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Longo faces Rays, 'a huge part of my life'

@mi_guardado
April 5, 2019

SAN FRANCISCO -- Bruce Bochy said Friday that he spent the last few days studying the Rays to help get his players up to speed on what to expect during their three-game Interleague series at Oracle Park this weekend. "It's a team we don't know a lot about," Bochy said.

SAN FRANCISCO -- Bruce Bochy said Friday that he spent the last few days studying the Rays to help get his players up to speed on what to expect during their three-game Interleague series at Oracle Park this weekend.

"It's a team we don't know a lot about," Bochy said.

That isn't the case for everyone on the roster. Evan Longoria is intimately familiar with Tampa Bay, the team that drafted him with the third overall pick in the 2006 Draft and developed him into the face of the franchise before trading the veteran third baseman to the Giants last offseason in exchange for a four-player package highlighted by top infield prospect Christian Arroyo.

Friday's home opener marked Longoria's first time facing the Rays since the trade, and he expects the reunion to be an emotional one for him.

"It was a huge part of my life," Longoria said. "Pretty much all of my growing up and coming into adulthood as a player was spent there. A lot of memories. I don't think it will be as strange and as emotional as if we were playing there, but still, it's going to be different being on the other side of that uniform and trying to beat that team."

A three-time All-Star and Gold Glove Award winner for the Rays, Longoria thought he would spend the rest of his career in Tampa Bay after signing a six-year, $100 million extension -- the richest contract in franchise history -- in November 2012. But last winter's trade uprooted him from the only place he'd ever known.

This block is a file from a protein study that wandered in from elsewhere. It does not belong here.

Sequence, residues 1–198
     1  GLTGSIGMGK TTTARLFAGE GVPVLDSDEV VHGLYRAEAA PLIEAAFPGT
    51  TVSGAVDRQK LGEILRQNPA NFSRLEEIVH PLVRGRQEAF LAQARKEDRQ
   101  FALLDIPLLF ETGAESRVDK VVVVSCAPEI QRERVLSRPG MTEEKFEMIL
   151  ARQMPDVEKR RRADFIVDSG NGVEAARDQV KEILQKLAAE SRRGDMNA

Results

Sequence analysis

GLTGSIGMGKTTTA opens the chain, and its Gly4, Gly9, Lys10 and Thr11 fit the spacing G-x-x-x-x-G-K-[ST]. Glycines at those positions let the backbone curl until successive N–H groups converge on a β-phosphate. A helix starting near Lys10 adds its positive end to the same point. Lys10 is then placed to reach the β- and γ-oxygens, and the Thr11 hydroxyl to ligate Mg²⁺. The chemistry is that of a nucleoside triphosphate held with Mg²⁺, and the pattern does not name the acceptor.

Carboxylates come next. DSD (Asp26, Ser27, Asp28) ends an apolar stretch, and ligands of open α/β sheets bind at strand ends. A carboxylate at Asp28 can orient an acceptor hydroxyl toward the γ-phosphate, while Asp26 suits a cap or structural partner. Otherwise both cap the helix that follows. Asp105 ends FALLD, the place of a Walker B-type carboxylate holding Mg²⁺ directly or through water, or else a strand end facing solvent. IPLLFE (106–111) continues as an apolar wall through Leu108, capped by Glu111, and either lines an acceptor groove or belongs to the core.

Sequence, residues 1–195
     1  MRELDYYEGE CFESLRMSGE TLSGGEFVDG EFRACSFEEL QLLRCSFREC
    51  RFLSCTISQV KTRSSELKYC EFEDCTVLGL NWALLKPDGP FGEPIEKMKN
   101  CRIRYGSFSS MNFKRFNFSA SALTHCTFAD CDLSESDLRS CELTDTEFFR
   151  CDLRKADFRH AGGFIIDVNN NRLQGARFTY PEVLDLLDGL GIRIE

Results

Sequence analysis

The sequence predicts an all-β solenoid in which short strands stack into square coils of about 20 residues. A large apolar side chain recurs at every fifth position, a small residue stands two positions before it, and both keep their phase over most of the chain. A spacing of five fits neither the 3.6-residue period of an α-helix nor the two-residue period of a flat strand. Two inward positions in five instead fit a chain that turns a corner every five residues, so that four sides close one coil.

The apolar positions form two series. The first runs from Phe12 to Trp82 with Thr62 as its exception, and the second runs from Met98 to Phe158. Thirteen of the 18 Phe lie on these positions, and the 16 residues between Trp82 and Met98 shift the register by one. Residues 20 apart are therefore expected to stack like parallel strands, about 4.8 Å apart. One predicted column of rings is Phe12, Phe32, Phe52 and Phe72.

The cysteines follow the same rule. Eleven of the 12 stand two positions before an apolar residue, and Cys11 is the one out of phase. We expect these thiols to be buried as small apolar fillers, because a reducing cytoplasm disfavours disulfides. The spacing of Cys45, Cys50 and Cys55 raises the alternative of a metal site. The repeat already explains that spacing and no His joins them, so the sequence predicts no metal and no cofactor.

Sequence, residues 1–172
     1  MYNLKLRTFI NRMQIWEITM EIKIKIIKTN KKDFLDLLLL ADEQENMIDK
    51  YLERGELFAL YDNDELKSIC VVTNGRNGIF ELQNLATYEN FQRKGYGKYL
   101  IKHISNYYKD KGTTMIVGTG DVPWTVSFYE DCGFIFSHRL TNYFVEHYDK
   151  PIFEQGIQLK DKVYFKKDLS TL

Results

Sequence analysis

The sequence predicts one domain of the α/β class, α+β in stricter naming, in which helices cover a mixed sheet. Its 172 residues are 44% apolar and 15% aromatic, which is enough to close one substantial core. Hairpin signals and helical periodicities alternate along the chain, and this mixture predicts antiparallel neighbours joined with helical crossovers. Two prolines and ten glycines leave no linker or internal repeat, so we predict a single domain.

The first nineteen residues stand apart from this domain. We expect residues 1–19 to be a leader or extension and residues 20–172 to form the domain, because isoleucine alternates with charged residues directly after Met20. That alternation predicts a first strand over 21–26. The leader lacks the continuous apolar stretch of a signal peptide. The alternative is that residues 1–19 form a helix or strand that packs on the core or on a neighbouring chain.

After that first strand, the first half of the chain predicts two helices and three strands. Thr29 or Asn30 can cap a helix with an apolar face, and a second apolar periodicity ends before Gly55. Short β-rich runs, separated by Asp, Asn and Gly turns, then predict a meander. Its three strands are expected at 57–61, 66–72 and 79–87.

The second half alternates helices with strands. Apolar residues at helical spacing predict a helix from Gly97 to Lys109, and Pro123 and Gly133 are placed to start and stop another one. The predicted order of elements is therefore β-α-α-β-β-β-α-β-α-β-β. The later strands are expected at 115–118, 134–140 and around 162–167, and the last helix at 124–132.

Longoria wound up struggling in his first season with the Giants, posting a career-low .694 OPS and missing 34 games after breaking his left hand on a hit-by-pitch.

"It was tough last year," Longoria said during Spring Training. "It was even tougher than I thought it was going to be. More mentally than anything. You try to prepare as much as you can for it, but a lot of times the unknown is something that you've got to kind of just go through and figure out how to cope with."

Longoria has looked far more comfortable in his second year with San Francisco and has opened the season closer to the All-Star form he held with the Rays. He remains close with Tampa Bay outfielder Kevin Kiermaier and reigning American League Cy Young Award winner Blake Snell, as well as manager Kevin Cash, general manager Erik Neander and scout Fred Repke, the man responsible for drafting him 13 years ago.

Longoria said he hopes to carve out time to catch up with his friends this weekend.

"I'd like to be able to make time if not for just a beer or something, just to say hello outside of kind of competing on the field," Longoria said. "I think they owe me that. And I owe them that."

Worth noting

• Outfielder Mac Williamson cleared waivers and was outrighted to Triple-A Sacramento. Williamson, 28, was designated for assignment last week after hitting .237 with a .608 OPS during Spring Training.

• As a junior at Florida State, Buster Posey received the Johnny Bench Award, which is given annually to the top collegiate catcher in the nation. That prestigious honor will now bear his name. The Greater Wichita Area Sports Commission announced earlier this week that the prize will now be known as the Buster Posey National Collegiate Catcher of the Year Award.

Maria Guardado covers the Giants for MLB.com. She previously covered the Angels from 2017-18. Follow her on Twitter.